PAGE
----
Glass recycler given ultimatum

The city has ordered a local glass-recycling company to filter out the odors and glass particles drif-ting from its facility or face eviction.

Mark Leonard, the city's economic and development director, says environmental problems with Recycle America Alliance -- a subsidiary of Waste Management, which is in the final year of its contract as the city's solid-waste pickup provider -- have been "escalating" for several months.

"There have been efforts to mitigate the issues," he said. "Now we are evaluating whether or not the mitigation has been successful."

The company, which opened its multimillion-dollar factory in 2001, recycles glass for Ernest & Julio Gallo, the world's largest winemaker. The material is shipped to Gallo Glass Co., the winemaker's plant in Modesto that transforms it into new bottles.

The Union City site, in the industrial area near Western Avenue and Pacific Street, employs 23 people and recycles 160,000 tons of mixed glass annually, said Sarah Simpson, a Waste Management spokeswoman.

Meanwhile, employees of nearby businesses, including Tri-Ced Community Recycling, Caravan Trading Co. and Blommer Chocolate Co., have complained to the city about airborne glass dust, which people inhale and which covers cars.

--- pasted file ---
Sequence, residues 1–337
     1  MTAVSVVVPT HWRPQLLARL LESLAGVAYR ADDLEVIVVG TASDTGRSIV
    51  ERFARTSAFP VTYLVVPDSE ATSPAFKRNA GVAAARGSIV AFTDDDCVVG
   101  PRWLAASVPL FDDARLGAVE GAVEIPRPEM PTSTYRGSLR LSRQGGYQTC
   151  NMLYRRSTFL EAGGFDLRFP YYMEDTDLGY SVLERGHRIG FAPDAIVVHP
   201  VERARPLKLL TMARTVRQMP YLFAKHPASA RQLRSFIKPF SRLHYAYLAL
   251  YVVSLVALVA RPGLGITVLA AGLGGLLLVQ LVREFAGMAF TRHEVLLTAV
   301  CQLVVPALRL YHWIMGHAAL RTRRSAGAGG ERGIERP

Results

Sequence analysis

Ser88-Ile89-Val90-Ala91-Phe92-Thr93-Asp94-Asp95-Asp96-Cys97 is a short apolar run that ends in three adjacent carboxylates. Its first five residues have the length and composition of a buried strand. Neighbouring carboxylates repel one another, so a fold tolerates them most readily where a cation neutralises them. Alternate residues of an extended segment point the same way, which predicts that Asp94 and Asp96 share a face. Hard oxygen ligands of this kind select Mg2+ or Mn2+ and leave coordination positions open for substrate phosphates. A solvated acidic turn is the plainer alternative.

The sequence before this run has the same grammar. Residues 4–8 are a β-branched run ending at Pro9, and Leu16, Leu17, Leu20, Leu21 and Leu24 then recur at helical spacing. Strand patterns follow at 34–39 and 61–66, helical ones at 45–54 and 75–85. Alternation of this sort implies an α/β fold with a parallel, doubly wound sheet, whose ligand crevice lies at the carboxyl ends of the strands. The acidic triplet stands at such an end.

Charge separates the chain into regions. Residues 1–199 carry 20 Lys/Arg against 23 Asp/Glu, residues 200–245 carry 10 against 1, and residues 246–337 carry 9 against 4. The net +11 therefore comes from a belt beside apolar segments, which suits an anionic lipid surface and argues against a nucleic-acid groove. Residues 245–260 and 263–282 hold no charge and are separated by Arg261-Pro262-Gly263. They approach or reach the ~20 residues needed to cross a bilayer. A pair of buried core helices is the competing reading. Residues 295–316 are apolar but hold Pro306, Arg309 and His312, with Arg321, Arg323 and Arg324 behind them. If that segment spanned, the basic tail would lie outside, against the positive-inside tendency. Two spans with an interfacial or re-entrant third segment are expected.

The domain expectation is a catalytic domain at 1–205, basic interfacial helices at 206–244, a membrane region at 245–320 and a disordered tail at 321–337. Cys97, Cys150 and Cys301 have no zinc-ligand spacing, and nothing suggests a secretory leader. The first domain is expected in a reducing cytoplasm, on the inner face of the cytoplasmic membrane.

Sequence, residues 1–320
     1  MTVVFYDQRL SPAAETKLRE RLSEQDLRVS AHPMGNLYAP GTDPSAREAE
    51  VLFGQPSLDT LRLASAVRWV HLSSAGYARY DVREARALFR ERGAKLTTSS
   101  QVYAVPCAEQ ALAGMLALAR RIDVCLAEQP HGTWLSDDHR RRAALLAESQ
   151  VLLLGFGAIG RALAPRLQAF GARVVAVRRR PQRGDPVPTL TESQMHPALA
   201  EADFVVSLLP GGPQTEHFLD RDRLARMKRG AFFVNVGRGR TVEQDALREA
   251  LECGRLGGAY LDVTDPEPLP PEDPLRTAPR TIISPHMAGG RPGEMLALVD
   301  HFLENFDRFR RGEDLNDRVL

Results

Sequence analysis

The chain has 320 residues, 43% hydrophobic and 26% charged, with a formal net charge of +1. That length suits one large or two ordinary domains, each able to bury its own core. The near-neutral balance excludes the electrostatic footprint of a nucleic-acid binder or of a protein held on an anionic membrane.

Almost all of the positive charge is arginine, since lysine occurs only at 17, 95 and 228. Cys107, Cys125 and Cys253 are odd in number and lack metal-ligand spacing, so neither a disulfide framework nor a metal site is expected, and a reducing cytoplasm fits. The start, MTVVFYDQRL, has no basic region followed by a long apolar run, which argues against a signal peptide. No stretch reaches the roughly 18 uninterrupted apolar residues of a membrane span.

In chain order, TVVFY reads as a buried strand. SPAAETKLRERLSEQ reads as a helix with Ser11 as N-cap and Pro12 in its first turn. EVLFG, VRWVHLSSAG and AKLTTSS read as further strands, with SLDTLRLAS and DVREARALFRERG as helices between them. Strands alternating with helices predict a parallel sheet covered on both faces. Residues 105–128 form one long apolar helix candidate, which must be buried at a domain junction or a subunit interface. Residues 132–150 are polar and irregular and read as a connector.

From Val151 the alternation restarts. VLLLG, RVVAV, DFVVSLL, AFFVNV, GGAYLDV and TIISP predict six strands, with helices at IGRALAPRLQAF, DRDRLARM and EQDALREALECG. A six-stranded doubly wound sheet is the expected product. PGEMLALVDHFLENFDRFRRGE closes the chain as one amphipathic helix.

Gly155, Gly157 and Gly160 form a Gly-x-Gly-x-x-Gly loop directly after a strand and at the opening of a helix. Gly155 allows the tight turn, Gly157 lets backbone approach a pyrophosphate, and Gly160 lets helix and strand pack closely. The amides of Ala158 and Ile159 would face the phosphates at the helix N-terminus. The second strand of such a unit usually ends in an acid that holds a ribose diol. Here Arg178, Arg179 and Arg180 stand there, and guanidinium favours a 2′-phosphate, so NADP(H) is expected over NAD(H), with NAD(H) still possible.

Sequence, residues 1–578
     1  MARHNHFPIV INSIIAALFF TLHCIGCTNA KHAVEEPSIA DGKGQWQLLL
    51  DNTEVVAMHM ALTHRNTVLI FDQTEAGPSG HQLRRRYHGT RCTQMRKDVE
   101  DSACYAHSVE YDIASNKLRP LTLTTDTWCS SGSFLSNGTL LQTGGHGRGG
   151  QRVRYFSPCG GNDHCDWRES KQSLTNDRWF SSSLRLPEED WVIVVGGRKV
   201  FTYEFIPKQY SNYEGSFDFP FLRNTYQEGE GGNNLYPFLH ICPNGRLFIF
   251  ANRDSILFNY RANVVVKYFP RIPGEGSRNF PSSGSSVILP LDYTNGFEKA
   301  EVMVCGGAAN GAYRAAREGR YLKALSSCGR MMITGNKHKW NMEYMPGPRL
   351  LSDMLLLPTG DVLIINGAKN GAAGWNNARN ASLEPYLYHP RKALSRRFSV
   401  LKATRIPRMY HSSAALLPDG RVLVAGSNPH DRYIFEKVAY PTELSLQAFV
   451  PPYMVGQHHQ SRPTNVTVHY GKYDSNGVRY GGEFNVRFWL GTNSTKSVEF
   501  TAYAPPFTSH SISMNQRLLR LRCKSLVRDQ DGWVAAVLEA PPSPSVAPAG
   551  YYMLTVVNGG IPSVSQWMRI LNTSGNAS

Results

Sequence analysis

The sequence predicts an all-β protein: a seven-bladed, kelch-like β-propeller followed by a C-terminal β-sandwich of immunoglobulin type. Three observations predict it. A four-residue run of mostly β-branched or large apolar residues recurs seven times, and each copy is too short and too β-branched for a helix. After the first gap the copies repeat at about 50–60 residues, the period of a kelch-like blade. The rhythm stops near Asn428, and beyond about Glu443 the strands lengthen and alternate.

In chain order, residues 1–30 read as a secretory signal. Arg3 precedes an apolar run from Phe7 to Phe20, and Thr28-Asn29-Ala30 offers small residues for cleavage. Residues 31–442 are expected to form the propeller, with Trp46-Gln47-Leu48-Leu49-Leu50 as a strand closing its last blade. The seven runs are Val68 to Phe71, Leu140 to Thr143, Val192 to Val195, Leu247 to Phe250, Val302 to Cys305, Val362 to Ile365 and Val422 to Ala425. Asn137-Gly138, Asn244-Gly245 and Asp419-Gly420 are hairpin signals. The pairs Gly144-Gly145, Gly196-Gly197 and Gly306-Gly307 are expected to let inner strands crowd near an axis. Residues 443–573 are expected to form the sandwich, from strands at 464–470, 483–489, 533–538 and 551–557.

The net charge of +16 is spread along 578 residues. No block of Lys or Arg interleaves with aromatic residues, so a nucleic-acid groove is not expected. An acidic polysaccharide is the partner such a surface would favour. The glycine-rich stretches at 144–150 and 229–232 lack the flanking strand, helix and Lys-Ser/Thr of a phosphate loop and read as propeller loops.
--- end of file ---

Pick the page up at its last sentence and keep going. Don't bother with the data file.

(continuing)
Flies, seagulls and rodents also have turned up near the 70,000-square-foot glass-sorting site, say Leonard and City Councilman Richard Valle, founder of Tri-Ced, which provides recycling and yard-waste pickup services in Union City and recycling services in Hayward.

The warm summer months are often the worst time of year for odors and the dust byproducts of the glass recy- cling are creating a "health hazard," Valle said.

"They have to separate raw garbage from the glass," he said. "When (the waste) sits to be processed, in heaps outside ... that's how the odor ferments and is created."

Representatives from Blommer's and Caravan Trading refused to comment.

Valle, who attended the ribbon-cutting ceremony for the facility, said city officials were told when the company opened that only colored glass would be separated and processed at the facility.

"There was nothing said about the garbage," he said. "There are literally heaps that are waiting to be processed."

With many cities -- including Fremont -- converting to single-stream recycling programs, traditional sorting procedures for recyclable materials have been eliminated. As a result, Recycle America Alliance must sort through remaining waste when processing glass.

Valle estimates that six to eight truckloads of waste material are brought to the facility daily. Most shipments come from the Bay Area and Southern California, Waste Management's Simpson said.

She said the company wants to be a good neighbor and has altered operations to do so.

"We feel like they have made a good-faith effort to listen to the concerns voiced by the neighbors and the city," she said. "We have also made some changes in our operations to address the concerns."

600450 Glass recycler given ultimatum

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